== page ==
Do these stretches:
Again with the mobility exercises you want to pick a handful that you always do. For example my favorites are leg swings, high knees, wall slides, ankle mobilization, lunges and rotational squat. It’s important to focus on the muscles that you will be training that day, shoulders, back, upper back for chest days – although you still want to do some lower body.
Now you’ve finished your warm up you have to move on to the exercise warm up. Which generally people pick up the bar and haphazardly go through the movements to warm up.What I have my clients do is something I called activation pattern. The idea behind it is to treat the warm up the same way as you would your heaviest set. Your form on your warm up should be optimal. Focus on the movement, come down controlled and drive up explosively.
The purpose of this warm up or activation pattern is to prime up the CNS for the movement. This also acts to remind your body how to move, and you will see a great increase in intensity and workload.
I hope this article has been helpful. I know I’ve neglected warm up for many years and wondered why my training would suffer. With a proper warm up you will have less injuries and better results. Please post any questions or comments you have!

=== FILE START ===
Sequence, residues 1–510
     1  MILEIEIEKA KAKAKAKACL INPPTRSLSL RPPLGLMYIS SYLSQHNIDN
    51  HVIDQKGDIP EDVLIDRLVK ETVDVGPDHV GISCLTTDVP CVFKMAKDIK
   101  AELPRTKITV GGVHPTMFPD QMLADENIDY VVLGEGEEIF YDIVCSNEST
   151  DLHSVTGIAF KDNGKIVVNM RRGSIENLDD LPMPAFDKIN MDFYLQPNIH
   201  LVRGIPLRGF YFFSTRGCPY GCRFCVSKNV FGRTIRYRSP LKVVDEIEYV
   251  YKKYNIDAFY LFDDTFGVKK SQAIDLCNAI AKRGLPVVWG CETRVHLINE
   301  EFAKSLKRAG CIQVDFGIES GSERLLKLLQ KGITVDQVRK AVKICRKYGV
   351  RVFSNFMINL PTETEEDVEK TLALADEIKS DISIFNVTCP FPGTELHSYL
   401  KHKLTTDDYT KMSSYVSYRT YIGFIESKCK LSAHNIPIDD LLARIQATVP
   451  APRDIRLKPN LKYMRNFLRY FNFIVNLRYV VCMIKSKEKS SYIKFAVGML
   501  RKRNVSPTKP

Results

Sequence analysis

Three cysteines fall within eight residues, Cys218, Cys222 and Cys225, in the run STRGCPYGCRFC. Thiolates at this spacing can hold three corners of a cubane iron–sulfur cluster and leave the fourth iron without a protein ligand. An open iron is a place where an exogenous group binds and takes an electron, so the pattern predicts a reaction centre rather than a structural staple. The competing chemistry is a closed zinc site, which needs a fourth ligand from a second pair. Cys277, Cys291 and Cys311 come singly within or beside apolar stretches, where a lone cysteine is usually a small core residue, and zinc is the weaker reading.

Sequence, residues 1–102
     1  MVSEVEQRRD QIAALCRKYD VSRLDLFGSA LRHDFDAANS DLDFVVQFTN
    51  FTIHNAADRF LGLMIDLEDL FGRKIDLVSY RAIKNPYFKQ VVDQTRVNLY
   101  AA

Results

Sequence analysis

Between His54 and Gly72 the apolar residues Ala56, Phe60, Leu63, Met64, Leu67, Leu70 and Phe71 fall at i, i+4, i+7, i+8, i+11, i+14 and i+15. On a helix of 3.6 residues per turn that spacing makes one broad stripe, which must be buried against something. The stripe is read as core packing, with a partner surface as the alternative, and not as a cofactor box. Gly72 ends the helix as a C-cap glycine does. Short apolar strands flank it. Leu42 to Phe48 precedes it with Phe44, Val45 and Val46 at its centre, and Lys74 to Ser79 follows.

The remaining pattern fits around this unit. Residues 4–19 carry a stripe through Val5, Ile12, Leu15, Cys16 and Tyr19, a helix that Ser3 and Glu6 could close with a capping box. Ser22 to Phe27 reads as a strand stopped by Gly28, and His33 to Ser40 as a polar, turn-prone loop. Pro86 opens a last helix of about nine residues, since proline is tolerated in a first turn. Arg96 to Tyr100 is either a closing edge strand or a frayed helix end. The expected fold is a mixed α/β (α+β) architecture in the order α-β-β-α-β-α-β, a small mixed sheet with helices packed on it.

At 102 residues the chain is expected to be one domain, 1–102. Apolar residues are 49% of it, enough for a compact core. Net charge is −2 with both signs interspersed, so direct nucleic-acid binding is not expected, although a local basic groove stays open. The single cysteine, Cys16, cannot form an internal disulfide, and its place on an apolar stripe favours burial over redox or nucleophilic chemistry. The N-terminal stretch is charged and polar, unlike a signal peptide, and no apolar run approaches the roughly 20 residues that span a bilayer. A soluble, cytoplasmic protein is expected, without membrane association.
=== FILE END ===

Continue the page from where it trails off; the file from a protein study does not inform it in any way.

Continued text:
Let’s face the facts. If you eat less than you burn, you’ll lose weight. If you eat more, you’ll gain. Most people have nothing but a rough estimate of what they are eating, and usually it is way off. The first step towards fat loss is taking control of your food. This article will show you how to dissect your food and make it work for you and what to do when faced with the dreaded drive through window, being repeatedly asked, do you want to supersize that.
If you are serious, get a food scale and weigh everything. It’s not that you have to track forever, because I know it is tedious, but that you have to develop awareness. You may think that a giant bowl of chips is a serving, when a serving is a handful. You may also not know that your bowl is giant.
Eating should be a pleasure. Dieting is not an excuse to exercise your masochistic tendencies, rather, it should make you lose fat, as painlessly as possible. Unfortunately for many people fast food is one of their biggest indulgences. I had a client recently casually report eating a chipotle burrito, which he thought was at least a healthy alternative. After the total calories were tallied in it was a staggering 2100! I showed him the errors of his ways and now he can indulge without the consequences.